• The thoughts of these doers are the molds into which the flow of matter is shaped, over and over again.
  • The doers have their breathforms, which are like the former personalities, and see, hear, taste, smell and feel somewhat as they did on the outer crust.
  • The doers themselves cannot be seen, any more than they can be seen in life.

In a special place he sees "lost" portions of doers, some lost untold years ago, and some who failed even within his own time.

  • Some of them are ape-like forms without hair, their skin grey, clay-colored, their eyes bleary, their mouths big and slimy; others are large, whitish worms with little hands and feet;
  • others are like leeches with little human heads and long arms and legs with which they cling; and others appear in various forms, but all exhibiting most disgusting features.
  • These things are male and female and have periods of orgies and of deathly silence.
  • Sometimes they disappear, blending into the landscape, and leave an atmosphere of death behind.
  • Then they reappear with hollow roaring, with echoing wails and shrieks, and begin their orgies. But these are empty; there is no sensation.

Among the "lost" doers he sees are those lost because of their selfishness and enmity to the human race.

  • They are separated from the lustful.
  • Some are like great spiders with wicked eyes, some like vampires or crabs with human faces and devilish eyes, some like snakes with legs and wings.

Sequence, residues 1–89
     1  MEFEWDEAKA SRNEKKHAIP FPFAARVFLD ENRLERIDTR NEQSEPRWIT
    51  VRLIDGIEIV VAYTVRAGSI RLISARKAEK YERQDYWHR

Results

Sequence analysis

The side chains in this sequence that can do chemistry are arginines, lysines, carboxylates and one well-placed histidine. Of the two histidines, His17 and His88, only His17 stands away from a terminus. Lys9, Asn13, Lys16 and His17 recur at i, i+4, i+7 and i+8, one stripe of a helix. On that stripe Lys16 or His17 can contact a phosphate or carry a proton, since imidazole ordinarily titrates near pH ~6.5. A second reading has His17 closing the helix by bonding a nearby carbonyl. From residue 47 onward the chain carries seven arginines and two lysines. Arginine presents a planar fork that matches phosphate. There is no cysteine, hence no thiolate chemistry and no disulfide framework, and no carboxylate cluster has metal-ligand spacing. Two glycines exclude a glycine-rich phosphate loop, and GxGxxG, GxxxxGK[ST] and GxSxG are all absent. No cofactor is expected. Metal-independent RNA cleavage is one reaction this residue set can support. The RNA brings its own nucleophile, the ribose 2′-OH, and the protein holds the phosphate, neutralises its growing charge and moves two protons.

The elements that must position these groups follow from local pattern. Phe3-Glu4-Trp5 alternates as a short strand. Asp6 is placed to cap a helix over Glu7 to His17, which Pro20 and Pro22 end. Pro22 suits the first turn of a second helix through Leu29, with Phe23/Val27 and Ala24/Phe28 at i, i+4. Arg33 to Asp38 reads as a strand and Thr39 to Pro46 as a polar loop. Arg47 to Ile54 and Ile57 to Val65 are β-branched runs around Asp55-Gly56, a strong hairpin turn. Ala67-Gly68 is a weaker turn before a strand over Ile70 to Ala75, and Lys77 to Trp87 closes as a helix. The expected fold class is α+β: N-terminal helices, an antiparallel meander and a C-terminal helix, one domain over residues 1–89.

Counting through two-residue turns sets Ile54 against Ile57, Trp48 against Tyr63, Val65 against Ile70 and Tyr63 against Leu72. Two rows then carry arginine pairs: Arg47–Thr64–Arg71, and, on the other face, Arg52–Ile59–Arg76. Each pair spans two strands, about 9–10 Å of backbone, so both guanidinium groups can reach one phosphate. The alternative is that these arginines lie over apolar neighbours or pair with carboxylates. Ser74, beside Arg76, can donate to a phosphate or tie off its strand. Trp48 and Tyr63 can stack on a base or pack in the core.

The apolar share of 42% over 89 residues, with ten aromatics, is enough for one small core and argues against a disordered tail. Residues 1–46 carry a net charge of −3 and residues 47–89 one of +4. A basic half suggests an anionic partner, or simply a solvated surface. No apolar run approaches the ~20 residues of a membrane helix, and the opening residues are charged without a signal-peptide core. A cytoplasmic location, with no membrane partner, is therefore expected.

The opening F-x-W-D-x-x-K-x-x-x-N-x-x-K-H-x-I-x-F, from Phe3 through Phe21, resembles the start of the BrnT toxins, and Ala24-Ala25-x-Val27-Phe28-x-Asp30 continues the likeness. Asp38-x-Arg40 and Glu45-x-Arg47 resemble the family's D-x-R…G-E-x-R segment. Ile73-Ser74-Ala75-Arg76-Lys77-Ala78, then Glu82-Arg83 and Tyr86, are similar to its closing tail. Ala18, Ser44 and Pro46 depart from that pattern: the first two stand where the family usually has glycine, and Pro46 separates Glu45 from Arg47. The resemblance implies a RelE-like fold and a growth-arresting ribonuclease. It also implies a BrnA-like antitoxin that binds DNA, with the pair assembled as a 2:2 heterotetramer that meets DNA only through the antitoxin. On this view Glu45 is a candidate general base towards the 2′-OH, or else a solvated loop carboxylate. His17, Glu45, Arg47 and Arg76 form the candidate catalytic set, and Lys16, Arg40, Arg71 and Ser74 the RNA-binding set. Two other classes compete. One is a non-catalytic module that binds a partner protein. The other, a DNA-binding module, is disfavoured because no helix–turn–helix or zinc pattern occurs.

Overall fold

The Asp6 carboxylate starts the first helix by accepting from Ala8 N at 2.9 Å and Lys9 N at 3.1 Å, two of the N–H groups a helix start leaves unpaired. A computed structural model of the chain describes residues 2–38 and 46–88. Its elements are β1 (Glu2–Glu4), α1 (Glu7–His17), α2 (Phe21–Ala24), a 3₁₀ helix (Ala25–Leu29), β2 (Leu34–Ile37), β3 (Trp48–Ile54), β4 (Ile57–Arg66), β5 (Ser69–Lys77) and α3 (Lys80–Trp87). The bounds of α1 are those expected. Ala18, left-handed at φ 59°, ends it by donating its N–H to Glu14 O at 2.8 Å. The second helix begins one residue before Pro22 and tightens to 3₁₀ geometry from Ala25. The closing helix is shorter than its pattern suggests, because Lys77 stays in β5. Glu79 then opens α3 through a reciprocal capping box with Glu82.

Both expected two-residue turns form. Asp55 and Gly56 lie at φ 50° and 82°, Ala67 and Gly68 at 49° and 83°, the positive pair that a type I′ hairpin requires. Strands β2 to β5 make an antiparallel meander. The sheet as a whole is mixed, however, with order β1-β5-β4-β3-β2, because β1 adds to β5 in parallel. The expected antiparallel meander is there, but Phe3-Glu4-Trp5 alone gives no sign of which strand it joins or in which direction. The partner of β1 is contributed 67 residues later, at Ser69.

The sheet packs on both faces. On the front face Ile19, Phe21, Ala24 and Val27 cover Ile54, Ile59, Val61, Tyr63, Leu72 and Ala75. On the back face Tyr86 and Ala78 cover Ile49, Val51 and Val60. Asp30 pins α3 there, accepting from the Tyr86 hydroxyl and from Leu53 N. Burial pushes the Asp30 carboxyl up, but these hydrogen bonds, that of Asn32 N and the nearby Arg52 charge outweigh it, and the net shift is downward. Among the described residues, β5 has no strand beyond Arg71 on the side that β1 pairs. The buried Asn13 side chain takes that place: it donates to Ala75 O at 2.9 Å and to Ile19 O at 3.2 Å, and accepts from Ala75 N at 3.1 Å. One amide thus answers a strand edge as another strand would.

• Each of them lives separately among the brush or hanging from the rocky roofs or hiding among the stones on the ground.
  • The spiders can leap fifty feet, the bats sail noiselessly, wolf-like forms with horns and bristly heads prowl about, cruel cat-like things with long snaky bodies spring, all to kill.
  • But for some the killing is not the sole object; they want blood or the pleasure of torturing.
  • Many attack each other. But none of them get any satisfaction.
  • There is an aching, an emptiness in them at all times, which causes them to search for something, and that they cannot find.

He sees other things which have come from the outer crust; doers lost through an unwise religious devotion, who are called the "ancient dead."

  • They have devoted themselves to a personal God or Gods or to nature and have wished to be absorbed in or to identify themselves with their deities or with nature.

Most of these doers belong to former ages, but some belong to more recent times.

  • They have worshipped their Gods devotedly, irrespective of a reasonable, universal moral code to which they had access in their religious system, and often against what reason showed and conscience forbade.
  • They sought the favour of their deities from selfish motives.
  • They performed nature rites and ceremonies and offered their thoughts in praise and flattery and in prayer for material gifts and for absorption in the almighty deities.